Application of nanotechnology for delivery of antioxidants has been reported to enhance their therapeutic benefits in cancer therapy. Nanoparticles (NPs) have size between 1 and 100 nm. Nanoparticles for drug delivery may have different composition, size and shape. They also may differ in drug loading capacity, particle and drug stability, drug release rates, and targeted delivery ability.
Different examples of nano-systems have been reported in the literature including:

2.1. Dendrimers

Dendrimers are homogenous, symmetric around the core and consist of two shells (inner shell and an outer shell). There are different types of dendrimers with different properties including polyvalency, self-assembling, electrostatic interactions, chemical stability, low cytotoxicity and solubility. These varieties are one of the reasons to use dendrimers in the medical application [19].
Dendrimers may carry the drug by attachment of drug molecule to the functional groups on their surface or incorporation in the interior environment of the sphere [20,21]. Dendrimers are helpful in carrying both hydrophobic and hydrophilic molecules for delivery of genes, drugs and anticancer agents. Zhang et al. developed multifunctional doxorubicin conjugated poly (amidoamine) dendrimers for pH-responsive drug release and targeted cancer therapy [22]. Another study by Liu et al. confirmed the efficacy of antioxidant response via delivery of curcumin using dendrimers as a carrier system in cancer therapy [23].

2.2. Micelles

Micelles are self assembled nanosized colloidal dispersions [24,25]. Their surfactant molecules can be aggregated either by cationic, anionic, zwitterionic or non-ionic groups [26] depending on the type of head groups and length of the alkyl chains [27,28]. They consist of both hydrophobic and hydrophilic shells, thus they are used for carrying both hydrophilic and lipophilic molecules [21].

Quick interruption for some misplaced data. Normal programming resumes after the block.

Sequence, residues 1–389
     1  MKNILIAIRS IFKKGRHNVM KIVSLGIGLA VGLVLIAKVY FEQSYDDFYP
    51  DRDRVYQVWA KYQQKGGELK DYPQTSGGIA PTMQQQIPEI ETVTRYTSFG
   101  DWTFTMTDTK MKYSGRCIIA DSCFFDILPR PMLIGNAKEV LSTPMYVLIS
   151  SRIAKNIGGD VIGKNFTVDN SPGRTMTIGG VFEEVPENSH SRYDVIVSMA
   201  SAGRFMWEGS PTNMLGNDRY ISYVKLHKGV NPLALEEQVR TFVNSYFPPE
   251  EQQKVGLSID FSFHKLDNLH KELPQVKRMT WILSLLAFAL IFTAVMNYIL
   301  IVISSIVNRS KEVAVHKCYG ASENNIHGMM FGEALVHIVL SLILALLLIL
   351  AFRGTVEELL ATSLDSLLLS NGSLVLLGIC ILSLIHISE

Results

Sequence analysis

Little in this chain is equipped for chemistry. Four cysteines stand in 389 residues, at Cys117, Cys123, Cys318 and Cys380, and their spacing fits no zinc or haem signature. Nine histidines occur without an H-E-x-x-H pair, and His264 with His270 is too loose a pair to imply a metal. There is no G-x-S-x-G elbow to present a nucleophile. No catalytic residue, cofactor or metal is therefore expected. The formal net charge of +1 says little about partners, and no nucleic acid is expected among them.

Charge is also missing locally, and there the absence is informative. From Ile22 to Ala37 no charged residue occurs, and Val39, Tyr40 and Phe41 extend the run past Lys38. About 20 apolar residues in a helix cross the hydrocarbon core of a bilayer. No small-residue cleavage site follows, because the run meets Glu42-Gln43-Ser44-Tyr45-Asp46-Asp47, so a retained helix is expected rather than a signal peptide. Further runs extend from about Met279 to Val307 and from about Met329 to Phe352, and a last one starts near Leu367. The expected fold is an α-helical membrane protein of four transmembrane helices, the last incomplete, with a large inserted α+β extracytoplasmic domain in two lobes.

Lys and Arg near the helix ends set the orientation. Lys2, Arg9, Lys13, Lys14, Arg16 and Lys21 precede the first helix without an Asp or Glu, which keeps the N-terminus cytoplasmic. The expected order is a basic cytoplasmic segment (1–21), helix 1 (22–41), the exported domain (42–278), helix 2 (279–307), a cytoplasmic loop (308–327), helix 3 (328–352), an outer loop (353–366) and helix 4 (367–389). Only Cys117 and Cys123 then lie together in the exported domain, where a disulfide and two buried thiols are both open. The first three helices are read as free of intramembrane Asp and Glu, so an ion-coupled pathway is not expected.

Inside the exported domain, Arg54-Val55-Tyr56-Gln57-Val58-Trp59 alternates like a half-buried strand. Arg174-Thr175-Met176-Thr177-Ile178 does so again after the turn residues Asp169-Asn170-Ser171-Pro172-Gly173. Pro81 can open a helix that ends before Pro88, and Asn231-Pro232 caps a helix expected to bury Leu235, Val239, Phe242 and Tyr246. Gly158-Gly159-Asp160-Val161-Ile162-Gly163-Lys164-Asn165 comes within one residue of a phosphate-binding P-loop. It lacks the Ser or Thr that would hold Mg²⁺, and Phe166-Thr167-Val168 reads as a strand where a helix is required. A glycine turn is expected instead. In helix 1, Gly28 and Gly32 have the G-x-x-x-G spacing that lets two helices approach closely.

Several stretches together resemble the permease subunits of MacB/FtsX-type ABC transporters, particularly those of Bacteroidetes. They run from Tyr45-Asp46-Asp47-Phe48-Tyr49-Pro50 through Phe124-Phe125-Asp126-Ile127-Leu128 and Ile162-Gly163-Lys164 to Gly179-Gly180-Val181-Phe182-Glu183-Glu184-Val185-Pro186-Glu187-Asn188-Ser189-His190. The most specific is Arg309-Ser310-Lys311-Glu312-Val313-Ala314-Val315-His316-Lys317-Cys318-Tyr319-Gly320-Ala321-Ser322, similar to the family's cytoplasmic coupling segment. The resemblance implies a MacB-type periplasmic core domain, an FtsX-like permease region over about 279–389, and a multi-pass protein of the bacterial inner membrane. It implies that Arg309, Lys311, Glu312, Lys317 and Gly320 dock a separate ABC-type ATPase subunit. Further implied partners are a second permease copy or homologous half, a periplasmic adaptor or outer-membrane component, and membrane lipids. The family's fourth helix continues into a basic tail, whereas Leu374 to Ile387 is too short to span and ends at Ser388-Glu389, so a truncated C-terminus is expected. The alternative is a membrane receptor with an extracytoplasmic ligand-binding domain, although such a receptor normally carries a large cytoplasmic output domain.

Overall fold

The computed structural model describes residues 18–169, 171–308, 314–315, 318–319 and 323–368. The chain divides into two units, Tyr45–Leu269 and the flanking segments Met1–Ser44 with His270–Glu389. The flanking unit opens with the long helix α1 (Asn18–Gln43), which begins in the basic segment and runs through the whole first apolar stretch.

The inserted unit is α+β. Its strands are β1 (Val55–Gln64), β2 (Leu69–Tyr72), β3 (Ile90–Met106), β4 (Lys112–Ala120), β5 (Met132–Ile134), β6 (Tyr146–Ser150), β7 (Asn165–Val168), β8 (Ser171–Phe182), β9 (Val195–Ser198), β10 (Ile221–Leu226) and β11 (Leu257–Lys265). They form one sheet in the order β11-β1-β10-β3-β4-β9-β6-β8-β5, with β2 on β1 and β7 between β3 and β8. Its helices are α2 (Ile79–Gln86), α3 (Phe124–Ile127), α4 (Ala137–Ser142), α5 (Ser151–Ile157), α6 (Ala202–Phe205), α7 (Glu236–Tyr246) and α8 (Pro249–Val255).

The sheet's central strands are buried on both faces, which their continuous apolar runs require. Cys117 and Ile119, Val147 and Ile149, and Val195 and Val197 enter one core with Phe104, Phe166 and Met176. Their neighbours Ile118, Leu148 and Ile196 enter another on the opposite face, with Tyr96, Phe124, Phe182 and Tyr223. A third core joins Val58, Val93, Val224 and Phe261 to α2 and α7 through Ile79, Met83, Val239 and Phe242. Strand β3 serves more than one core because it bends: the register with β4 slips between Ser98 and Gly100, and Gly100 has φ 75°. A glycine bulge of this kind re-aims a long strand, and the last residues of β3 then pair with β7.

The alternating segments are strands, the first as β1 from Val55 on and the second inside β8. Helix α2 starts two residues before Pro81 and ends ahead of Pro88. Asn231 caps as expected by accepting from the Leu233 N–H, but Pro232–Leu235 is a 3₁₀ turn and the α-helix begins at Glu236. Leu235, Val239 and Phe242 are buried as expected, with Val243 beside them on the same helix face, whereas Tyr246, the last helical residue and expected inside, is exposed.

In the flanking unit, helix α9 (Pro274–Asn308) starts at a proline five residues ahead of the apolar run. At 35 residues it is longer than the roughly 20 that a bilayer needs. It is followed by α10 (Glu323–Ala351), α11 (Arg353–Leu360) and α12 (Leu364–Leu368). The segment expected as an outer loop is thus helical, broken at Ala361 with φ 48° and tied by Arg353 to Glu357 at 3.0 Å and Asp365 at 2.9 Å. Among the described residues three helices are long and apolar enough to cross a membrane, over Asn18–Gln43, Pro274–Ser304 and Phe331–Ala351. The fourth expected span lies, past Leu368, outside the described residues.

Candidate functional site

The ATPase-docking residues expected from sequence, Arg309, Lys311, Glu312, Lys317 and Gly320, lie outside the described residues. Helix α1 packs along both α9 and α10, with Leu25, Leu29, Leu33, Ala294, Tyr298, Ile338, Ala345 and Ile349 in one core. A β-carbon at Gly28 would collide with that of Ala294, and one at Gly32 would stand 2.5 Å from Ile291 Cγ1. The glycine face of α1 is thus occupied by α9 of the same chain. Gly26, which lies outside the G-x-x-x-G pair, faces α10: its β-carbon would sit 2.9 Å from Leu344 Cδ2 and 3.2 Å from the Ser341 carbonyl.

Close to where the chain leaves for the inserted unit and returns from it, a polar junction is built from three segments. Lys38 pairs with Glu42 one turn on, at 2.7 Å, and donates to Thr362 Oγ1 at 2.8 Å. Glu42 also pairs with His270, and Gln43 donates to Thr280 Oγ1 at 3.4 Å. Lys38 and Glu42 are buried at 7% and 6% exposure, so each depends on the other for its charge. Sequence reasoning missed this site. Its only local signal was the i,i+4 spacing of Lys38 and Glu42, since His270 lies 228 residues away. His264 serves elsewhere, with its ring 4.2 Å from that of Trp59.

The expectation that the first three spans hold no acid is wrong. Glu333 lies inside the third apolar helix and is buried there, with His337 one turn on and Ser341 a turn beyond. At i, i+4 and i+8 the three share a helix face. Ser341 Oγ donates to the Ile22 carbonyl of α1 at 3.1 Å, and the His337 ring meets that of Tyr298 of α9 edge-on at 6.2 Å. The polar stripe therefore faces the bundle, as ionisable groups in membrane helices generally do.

Micelles have attracted attention for their potential use in cancer diagnosis and therapy. A study was done by Masaki et al. showed that antioxidant micelles containing catechol moieties can be used in anti-angiogenic therapy to treat various diseases including cancer [29].
Another study by Esmaili et al. reported that curcumin-loaded micelles showed an increase in curcumin solubility and bioavailability in treatment of cancer [30].

2.3. Polymeric Nanoparticles

Polymeric nanoparticles are solid colloidal systems that can carry drugs in different ways, either by dissolving, entrapping, encapsulating or adsorbing the drug onto their matrix. Depending on the formulation method, the obtained polymeric particle may be nanospheres, which are matrix systems in which the drug is dispersed throughout the particles, or nanocapsules, which are vesicular reservoir systems in which the drug is confined to an aqueous or oily cavity surrounded by a single polymeric membrane [31].
In a study by Mady and Shaker on the preparation of ellagic acid–polymeric nanoparticles using the emulsion–diffusion–evaporation method, the results showed that they were able to sustain the diffusion release of ellagic acid and enhance its cytotoxicity (6.9-fold) against the colon adenocarcinoma, thus improved ellagic acid bioavailability and its anticancer efficacy [32]. Rocha et al. also proved the efficacy of using polymeric nanoparticles in delivery of catechin for prostate cancer treatment [33].